2. I usually dump many sprites into one “bigger sprite” which is often a multiple of 2.. but my sprites themselves obviously aren’t. Also from code those textures will be turned into multiple of 2 if they aren’t.. so there’s no point in making them that way and it works faster from my paint program to not bother about that.

          3. I play-test with every few changes I do, so it’s often easy to find when or where something caused lag or bugs. Running my game with java/libgdx is often done within 10 seconds, so it’s very easy to quickly change some variables, and start the game to try it out.

          • cage

            1. of course it’s not required! I just find it little disturbing. Changes in code (like adding new feature, even simple creature) requires rewriting many methods in code and remember to do that instead of delegating behaviour to specific object. Mega class like your canvas have to know about every detail.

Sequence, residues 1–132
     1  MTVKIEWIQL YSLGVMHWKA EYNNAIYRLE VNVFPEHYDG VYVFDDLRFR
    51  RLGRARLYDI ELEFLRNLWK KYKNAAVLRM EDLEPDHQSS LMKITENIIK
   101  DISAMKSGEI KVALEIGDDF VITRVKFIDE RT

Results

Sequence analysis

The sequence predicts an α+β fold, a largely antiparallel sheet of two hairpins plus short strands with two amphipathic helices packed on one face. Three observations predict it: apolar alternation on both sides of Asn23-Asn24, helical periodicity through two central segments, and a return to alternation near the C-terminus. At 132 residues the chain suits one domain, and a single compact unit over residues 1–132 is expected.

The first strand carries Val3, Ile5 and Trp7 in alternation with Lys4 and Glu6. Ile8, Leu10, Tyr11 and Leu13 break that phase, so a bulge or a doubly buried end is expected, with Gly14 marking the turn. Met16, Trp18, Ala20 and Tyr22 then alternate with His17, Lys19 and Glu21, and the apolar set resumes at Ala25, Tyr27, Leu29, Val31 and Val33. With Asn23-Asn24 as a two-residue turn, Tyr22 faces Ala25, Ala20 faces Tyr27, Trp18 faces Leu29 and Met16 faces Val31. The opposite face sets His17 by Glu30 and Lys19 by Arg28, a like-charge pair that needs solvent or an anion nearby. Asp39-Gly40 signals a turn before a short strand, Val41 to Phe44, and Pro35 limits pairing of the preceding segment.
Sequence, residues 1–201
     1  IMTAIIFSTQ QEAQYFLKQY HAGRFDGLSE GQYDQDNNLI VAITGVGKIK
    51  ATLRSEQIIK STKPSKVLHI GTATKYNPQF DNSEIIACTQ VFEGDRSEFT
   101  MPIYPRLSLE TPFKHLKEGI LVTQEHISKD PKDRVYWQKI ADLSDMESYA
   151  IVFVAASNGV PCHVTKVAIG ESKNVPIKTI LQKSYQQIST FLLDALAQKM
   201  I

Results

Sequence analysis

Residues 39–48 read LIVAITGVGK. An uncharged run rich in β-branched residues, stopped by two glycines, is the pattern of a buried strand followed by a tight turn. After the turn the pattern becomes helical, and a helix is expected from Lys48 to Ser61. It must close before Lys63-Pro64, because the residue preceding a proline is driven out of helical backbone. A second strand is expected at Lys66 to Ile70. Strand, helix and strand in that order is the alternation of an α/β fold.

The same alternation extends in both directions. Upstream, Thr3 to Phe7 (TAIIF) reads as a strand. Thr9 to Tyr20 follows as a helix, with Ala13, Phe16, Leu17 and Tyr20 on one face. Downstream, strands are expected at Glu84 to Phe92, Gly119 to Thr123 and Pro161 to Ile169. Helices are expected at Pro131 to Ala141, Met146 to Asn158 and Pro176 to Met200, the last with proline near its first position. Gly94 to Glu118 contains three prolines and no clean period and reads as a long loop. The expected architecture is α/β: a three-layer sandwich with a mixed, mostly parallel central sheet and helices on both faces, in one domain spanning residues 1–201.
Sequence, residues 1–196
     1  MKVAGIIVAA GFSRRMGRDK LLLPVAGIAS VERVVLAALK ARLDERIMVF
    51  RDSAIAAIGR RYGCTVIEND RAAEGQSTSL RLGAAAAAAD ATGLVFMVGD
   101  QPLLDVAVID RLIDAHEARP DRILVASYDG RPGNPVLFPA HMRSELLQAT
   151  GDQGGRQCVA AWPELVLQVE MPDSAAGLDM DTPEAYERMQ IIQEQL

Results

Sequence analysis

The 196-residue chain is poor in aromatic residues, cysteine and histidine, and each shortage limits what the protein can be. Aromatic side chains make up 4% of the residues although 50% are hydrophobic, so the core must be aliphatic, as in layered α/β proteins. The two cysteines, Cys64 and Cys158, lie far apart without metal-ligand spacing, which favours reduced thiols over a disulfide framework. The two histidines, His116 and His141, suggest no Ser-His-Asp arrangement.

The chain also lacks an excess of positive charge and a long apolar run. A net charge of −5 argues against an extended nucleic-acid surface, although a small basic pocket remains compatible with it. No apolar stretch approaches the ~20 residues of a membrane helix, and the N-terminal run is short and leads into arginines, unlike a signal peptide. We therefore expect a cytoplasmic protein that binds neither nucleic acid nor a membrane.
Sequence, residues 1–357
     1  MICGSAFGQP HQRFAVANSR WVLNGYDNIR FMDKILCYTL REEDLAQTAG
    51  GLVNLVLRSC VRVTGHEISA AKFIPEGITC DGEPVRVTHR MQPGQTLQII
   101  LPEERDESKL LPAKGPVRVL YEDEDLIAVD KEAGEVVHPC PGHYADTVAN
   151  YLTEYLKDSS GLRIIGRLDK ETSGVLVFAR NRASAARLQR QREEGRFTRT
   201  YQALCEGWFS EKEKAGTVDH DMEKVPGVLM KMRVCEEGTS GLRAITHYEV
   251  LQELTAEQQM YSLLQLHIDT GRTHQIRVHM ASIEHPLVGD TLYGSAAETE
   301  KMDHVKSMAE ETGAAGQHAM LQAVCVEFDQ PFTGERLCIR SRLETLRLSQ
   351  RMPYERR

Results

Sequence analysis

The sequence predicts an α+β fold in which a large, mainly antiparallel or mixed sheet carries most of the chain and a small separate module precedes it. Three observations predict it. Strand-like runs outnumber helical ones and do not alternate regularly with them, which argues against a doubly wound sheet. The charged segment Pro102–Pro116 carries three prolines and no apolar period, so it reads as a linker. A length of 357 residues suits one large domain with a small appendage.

2. Ok, That’s good. I thought about this bigger sprites in game, not every single sprite I see on screen. Thanks.
            3. Bugs are simpler to find than lags. It’s very bold strategy, because if method A takes 50% of performance, but it’s made early it doesn’t show it’s horns. Then you make method B, C, D (which take say 10%) and after methid E it seems that something is wrong and it’s very important and heavy method. You optimize E as last of it’s kind, but still A would need trimming – like simple object pool instead of new object() would boost it. It was a common scenario for me when I hadn’t ben using profilers for JVM.

          • 1. as only developer on my games, I do indeed know every detail about my games. Also, most of my games use the same method names and “Tricks”, so I can even go back to older games and understand the code pretty quickly.

            3. you’d have the same if you use OOP or other strict rules. Bugs can always pop-up where you don’t expect them, that wouldn’t change.